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California Internet Regulation (Explained in Simple Terms)

California has always been ahead of the curve when it comes to increasing regulation, and internet access services are no exception.

The regulatory responsibility for Internet and telecom services in California lies with the California Public Utilities Commission (CPUC). It drafts and executes strategies for the telecom industry, which includes ensuring affordable, fair access to essential services and removing barriers that prevent a competitive market.

However, CPUC authority is mostly relegated to areas where telecom services touch public resources, such as establishing video franchise areas and distributing subsidy money to connect rural areas.

Fiber line marker.
The CPUC is also involved with determining the distribution of subsidy funds of internet providers extending fiber service to rural areas in California.

The most impactful regulations currently in place in regards to internet access and online privacy are Senate Bill 822, which upholds Net Neutrality principles in the state, and the California Consumer Privacy Act of 2018 (CCPA), which maintains certain rights for consumers in regards to their rights to privacy online.

In this post, we’ll provide an overview of how internet regulation works in the state of California, presented in non-technical terms for a general audience.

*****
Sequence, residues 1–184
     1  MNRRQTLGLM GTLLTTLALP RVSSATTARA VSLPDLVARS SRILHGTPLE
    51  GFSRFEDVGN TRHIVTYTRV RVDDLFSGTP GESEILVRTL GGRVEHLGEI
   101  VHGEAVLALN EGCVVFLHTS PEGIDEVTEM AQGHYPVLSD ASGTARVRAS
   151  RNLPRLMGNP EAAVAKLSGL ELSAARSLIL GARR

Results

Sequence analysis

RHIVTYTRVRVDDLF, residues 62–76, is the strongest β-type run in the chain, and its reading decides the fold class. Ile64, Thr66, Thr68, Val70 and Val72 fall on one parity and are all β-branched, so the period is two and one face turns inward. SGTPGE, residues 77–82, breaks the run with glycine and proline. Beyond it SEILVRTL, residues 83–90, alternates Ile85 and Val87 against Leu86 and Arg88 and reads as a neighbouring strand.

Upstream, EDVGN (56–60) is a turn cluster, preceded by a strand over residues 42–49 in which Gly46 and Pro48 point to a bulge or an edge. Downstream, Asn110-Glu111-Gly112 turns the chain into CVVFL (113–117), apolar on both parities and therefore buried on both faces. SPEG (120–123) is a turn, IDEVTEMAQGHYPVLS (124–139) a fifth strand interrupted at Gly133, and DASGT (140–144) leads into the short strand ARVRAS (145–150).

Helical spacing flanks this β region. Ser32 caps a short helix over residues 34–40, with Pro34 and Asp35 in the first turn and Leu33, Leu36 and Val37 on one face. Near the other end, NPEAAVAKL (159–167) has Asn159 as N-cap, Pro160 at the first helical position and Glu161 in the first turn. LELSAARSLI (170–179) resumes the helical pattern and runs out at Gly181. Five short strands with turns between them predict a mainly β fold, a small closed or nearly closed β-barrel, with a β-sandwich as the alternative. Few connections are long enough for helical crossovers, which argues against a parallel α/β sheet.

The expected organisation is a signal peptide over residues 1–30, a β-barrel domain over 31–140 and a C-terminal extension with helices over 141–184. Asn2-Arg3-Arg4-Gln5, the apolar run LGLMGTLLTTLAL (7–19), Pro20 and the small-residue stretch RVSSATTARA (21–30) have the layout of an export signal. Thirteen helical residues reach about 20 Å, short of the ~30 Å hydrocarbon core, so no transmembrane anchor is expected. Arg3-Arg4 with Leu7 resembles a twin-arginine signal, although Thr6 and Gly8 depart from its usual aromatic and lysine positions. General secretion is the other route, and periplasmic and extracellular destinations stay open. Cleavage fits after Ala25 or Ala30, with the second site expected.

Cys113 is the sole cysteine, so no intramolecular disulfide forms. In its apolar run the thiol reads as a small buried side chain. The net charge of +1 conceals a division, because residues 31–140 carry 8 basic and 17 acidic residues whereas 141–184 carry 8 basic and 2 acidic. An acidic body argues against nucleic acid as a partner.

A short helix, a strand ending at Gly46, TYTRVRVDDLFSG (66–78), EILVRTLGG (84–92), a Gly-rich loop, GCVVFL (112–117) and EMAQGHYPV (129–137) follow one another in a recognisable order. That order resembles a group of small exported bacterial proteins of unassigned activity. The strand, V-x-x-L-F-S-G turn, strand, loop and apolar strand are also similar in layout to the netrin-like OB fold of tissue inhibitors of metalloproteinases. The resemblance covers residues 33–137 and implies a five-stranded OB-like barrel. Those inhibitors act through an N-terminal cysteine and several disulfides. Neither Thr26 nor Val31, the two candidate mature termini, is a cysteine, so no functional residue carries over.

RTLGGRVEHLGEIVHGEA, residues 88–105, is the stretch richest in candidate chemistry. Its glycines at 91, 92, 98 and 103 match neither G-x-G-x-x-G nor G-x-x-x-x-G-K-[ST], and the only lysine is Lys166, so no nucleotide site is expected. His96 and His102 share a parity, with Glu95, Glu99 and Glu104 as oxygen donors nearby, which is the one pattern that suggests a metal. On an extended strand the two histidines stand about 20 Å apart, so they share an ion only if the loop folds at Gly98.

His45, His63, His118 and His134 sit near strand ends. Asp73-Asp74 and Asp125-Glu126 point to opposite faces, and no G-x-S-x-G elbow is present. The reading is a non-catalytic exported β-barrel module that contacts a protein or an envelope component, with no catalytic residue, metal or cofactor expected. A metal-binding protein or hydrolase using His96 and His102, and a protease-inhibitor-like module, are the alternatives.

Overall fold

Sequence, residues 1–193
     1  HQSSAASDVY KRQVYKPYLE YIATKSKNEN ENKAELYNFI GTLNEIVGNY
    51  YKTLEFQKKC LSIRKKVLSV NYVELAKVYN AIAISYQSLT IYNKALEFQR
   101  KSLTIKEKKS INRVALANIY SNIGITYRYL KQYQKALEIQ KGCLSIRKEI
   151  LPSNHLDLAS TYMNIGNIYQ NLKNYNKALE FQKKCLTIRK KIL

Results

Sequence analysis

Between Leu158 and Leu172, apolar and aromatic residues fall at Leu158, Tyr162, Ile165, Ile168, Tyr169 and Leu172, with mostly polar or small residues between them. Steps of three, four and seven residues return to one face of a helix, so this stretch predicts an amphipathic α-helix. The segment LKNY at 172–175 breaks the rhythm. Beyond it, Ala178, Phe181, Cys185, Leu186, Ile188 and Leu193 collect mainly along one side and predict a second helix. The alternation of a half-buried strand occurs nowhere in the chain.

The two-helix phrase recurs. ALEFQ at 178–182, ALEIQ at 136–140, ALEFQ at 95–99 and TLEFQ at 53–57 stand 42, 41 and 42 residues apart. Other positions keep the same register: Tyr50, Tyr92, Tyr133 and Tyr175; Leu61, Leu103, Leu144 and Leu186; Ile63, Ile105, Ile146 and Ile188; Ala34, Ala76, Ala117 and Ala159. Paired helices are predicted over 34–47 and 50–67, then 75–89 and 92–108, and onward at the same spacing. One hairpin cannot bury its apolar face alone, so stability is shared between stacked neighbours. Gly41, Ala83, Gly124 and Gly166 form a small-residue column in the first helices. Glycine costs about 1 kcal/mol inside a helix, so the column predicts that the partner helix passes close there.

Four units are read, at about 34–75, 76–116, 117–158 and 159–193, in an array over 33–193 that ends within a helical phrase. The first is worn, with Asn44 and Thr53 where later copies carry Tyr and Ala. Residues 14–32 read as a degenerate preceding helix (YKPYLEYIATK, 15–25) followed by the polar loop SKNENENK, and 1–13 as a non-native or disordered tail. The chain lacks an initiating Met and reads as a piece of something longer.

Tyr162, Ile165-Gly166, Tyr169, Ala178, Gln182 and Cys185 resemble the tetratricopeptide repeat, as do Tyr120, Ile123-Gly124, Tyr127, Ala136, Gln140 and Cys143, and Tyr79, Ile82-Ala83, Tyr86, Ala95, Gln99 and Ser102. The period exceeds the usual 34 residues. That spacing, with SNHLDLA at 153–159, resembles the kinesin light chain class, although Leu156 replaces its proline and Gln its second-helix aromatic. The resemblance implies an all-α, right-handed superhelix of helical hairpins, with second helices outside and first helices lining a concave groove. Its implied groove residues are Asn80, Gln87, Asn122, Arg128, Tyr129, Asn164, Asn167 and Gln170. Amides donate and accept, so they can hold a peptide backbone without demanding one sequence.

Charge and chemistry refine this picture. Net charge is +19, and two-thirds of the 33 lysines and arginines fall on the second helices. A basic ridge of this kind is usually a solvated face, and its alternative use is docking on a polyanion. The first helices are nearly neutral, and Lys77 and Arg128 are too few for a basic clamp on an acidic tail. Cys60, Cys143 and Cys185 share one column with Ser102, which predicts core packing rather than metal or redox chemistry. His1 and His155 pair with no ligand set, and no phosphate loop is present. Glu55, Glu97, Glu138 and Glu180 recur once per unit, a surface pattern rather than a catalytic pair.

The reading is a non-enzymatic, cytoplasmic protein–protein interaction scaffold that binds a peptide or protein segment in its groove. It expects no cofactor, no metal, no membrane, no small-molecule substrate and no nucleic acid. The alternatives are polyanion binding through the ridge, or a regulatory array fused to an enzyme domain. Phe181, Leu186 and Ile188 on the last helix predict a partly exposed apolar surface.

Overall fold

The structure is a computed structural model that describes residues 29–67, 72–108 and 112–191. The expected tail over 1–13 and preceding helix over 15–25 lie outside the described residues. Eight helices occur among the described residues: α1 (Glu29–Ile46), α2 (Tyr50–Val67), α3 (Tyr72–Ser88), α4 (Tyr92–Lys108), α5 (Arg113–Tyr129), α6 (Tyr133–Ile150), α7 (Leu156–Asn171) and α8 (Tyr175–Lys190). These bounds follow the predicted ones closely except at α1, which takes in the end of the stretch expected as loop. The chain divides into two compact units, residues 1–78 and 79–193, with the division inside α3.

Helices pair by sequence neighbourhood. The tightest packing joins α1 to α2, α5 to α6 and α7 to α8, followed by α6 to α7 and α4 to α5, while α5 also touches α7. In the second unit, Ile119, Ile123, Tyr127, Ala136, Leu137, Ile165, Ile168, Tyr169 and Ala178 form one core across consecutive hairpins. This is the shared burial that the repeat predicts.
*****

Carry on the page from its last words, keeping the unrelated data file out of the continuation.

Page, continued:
Background: FCC Stance on Net Neutrality

Net neutrality is essentially the notion that Internet service providers (ISPs) must treat all data flowing via their cell towers and cables equitably. That means they mustn’t be capable of sliding some content into “fast lanes,” discriminating against or blocking other digital material.

In America, Internet services regulation falls under the Federal Communications Commission (FCC). The net neutrality subject in the States hinges on the political climate in the country, since the Democrats favor net neutrality’s liberal principles, and the Republicans are usually against that.

Initially, in 2005, the FCC had adopted policies in favor of net neutrality. When certain service providers blocked access to certain sites, the FCC had a legal tussle with the service providers. The courts, in 2014, ruled that the FCC cannot regulate ISPs without first classifying the service providers as “common carriers.”